Ad description

A post by ukmatch on TikTok, seen on 30 June 2022, showed clips from a day in the life of a couple. A female voice-over stated, “Things that make him realise I’m a keeper. I will make him his protein shake after the gym.” This was heard whilst viewers saw the man sitting down on his phone with his feet up on a footrest, and the woman brought him a drink before proceeding to kiss him. The voice-over then said, “I always make sure he has a fresh towel and socks after his shower” whilst the woman in the video was shown arranging a towel and pair of socks in the bathroom. The voice-over then stated, “I put the football on for him every evening” as the couple were shown standing up, watching football on the TV, with the woman holding the remote. The voice-over then stated, “Find your keeper via Match. Go download the Match app today.”


The complainant, who believed that the ad was sexist and perpetuated negative gender stereotypes, challenged whether it was harmful and offensive.

Response International Ltd explained that they intended to demonstrate that small gestures between couples were integral to successful relationships. They clarified that their agency contacted real couples and asked them to show the everyday thoughtful gestures that they both performed for each other. They confirmed that a script had not been provided to the couple that featured in the ad. They emphasised that the aim was to focus on genuine small acts of kindness within a relationship. also highlighted that the ad formed part of a three-video storyline which featured the same couple, and that the ad should be viewed in that context. They further added that all three ads were published on the same date and, as such, viewers would have been able to watch all three videos consecutively which they believed would provide a balanced and reciprocal view of the featured couple’s relationship. One video was titled “Things that make me realise he’s a keeper” which said focused on the other side of the relationship and the small gestures carried out by the man for her. The other video was titled “Small gestures we do for each other that makes me realise he’s a keeper” and highlighted gestures that they did for each other. They said that when the three ads were viewed together that the gestures were not one-sided and that there was no contrast in significance between the actions carried out by the man and the woman. They re-iterated that the gestures shown in the ad were not time-intensive. They also said that, although the woman was shown to carry out the gestures in a domestic setting, that they did not believe that implied she had to do a larger portion of domestic chores. Instead, Match highlighted that the couple were shown to be loving towards each other and that the male partner did not act in a manner which suggested he expected the gestures. For those reasons, they believed that the ad did not portray that women must be subservient to men or that women should shoulder the burden of domestic chores. conceded that the ad, when viewed in isolation, did not convey the full story of the couple’s relationship. However, they asserted their belief that the content of the ad did not cause serious or widespread offence. They said that, whilst the gestures carried out by the woman in the ad could be deemed by some to be overly gender typical, they focused on featuring a diverse group of couples in their marketing communications and that the gestures presented in the ad were authentic to that couple and reflected their genuine relationship. believed that the ad had not breached the CAP Code, but confirmed that they had removed the ad from TikTok. They also acknowledged that it would have been more appropriate to include gestures carried out by both individuals in the same ad to avoid any perceived inequality between the couple.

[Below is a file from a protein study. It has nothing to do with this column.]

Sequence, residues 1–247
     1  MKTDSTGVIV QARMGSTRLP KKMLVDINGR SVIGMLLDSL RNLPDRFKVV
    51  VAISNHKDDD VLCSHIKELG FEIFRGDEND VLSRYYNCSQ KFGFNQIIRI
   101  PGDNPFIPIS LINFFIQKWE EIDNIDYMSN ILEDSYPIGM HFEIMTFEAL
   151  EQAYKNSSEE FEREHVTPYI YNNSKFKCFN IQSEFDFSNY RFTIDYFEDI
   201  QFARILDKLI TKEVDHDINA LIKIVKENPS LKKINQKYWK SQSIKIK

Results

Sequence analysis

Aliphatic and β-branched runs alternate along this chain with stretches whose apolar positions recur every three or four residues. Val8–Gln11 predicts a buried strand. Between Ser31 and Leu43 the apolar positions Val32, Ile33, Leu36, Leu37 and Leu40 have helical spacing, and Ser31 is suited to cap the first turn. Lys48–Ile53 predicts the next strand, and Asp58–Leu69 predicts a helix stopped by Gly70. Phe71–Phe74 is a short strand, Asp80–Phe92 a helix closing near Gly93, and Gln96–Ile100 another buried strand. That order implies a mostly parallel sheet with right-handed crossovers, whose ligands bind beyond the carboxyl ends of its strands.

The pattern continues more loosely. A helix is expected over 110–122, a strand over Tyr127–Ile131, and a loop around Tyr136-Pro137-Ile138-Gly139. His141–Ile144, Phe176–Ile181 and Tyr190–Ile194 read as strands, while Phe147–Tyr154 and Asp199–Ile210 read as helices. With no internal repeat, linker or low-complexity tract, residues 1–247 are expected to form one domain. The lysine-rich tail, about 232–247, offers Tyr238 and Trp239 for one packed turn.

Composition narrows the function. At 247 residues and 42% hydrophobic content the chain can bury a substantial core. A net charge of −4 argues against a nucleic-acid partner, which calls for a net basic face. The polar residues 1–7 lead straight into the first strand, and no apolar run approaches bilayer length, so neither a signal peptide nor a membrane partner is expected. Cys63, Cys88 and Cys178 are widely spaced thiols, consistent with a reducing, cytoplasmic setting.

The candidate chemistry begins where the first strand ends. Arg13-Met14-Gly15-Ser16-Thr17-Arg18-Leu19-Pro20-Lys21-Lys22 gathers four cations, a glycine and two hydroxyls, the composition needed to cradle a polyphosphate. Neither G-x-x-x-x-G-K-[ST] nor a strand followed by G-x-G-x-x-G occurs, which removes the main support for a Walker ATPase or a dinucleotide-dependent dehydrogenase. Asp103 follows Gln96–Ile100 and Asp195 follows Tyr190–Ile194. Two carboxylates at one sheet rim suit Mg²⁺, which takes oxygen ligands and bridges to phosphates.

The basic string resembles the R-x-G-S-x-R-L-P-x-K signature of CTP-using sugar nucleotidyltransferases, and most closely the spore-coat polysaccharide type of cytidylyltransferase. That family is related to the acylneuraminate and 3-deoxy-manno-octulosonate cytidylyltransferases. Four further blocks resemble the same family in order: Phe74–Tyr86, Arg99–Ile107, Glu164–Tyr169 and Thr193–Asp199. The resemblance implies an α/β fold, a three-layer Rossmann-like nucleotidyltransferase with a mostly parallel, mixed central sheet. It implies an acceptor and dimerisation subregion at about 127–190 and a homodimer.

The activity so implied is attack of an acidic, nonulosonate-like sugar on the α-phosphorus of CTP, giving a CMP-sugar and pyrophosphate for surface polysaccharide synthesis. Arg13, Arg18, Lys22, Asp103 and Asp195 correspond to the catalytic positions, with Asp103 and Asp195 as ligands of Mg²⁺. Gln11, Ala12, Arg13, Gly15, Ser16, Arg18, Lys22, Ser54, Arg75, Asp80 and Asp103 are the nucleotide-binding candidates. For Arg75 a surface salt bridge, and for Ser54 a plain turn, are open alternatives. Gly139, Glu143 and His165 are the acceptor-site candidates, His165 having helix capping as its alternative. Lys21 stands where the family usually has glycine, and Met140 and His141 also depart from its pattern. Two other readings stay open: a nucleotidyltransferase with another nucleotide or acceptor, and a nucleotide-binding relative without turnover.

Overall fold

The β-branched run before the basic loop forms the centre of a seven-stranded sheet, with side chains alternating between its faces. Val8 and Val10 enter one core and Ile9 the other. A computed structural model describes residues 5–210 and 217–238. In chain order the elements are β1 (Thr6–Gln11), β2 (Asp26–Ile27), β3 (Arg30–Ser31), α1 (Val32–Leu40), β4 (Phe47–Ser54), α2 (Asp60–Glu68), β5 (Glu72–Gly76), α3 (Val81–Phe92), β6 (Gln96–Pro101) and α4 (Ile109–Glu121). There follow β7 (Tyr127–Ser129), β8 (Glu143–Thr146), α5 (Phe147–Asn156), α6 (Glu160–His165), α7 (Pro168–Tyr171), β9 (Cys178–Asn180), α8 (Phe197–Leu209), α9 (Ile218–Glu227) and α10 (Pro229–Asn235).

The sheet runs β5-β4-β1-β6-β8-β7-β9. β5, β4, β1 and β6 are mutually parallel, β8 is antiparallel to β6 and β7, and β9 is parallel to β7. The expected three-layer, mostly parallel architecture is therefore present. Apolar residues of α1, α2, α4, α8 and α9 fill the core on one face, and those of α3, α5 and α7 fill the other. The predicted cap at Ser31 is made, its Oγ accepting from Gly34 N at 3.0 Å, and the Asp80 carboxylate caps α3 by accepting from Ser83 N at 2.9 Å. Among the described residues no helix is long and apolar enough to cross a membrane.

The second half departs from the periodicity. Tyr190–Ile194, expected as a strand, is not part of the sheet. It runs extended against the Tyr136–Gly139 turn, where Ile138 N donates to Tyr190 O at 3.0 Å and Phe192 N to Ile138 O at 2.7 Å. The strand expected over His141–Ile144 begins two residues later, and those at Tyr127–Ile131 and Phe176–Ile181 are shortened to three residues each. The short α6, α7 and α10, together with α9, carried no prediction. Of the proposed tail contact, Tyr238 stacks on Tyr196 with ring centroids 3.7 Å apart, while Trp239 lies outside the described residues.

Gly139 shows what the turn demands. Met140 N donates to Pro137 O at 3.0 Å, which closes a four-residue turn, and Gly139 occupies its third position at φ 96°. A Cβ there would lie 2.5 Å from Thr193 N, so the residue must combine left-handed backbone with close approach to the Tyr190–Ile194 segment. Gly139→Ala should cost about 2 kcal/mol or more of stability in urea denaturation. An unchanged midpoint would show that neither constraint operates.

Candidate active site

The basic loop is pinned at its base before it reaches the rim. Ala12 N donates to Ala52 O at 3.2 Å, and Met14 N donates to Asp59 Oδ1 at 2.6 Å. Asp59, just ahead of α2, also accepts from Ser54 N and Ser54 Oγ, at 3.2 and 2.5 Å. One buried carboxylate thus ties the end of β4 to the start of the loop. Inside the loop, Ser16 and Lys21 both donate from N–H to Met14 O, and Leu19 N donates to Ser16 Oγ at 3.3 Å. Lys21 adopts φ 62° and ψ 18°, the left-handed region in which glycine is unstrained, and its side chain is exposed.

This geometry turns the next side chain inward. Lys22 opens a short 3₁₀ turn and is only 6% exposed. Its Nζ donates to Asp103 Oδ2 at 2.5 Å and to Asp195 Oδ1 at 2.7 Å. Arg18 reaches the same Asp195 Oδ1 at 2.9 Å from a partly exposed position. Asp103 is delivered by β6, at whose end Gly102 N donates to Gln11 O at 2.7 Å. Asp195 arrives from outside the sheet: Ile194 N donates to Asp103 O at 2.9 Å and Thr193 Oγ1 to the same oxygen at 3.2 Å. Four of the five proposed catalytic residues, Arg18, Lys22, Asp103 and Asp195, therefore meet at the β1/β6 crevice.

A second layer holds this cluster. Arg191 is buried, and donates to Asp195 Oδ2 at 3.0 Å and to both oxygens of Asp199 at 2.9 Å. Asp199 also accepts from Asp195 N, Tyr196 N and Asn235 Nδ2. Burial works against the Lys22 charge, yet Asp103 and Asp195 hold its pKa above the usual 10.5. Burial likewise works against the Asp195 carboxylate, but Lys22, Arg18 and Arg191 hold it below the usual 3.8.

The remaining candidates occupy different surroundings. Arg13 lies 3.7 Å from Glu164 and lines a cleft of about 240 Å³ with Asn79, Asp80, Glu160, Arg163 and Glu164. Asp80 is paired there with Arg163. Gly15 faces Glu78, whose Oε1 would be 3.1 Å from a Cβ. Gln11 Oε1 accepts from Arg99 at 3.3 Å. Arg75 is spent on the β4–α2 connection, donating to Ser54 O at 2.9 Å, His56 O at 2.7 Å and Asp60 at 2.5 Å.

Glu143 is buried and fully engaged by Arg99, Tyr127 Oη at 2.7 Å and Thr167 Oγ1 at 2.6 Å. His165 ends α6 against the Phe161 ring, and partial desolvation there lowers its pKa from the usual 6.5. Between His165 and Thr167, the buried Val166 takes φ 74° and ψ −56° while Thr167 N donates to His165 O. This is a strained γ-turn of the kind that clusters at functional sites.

The CAP Code stated that advertisements must not include gender stereotypes that were likely to cause harm, or serious or widespread offence. CAP guidance said that ads may feature people undertaking gender-stereotypical roles, but they should take care to avoid suggesting that stereotypical roles or characteristics were always uniquely associated with one gender. Gender stereotypical roles included occupations or positions usually associated with a specific gender; for example, women carrying out domestic chores.